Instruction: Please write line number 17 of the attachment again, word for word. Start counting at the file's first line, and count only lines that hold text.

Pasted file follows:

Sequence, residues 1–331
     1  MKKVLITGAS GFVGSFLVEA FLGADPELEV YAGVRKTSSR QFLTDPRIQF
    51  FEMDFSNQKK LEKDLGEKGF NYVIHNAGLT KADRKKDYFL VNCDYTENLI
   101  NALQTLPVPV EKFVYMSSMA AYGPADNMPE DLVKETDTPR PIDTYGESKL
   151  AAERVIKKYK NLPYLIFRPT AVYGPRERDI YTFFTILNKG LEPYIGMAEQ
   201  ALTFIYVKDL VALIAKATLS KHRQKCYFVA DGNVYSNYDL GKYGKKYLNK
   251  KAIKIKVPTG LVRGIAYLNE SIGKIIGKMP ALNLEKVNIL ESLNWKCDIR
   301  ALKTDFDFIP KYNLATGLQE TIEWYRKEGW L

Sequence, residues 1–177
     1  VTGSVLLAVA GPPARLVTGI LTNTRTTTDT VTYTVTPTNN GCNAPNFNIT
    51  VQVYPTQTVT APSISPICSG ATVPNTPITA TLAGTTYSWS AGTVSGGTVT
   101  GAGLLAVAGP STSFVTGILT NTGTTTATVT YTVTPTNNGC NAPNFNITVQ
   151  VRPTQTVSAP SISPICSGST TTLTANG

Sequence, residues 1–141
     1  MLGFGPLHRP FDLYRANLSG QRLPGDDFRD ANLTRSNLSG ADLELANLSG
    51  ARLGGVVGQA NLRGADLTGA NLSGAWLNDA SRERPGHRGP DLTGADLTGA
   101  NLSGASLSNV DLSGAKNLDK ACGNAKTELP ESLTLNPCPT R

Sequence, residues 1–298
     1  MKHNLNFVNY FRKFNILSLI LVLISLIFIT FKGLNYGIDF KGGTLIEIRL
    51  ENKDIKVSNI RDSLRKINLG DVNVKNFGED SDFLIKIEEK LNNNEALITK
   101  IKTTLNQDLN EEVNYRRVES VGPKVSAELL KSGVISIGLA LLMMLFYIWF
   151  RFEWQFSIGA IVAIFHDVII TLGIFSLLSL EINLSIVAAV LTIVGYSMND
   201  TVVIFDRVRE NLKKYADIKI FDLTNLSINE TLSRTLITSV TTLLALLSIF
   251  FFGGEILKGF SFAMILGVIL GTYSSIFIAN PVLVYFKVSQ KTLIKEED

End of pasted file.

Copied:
   101  NLSGASLSNV DLSGAKNLDK ACGNAKTELP ESLTLNPCPT R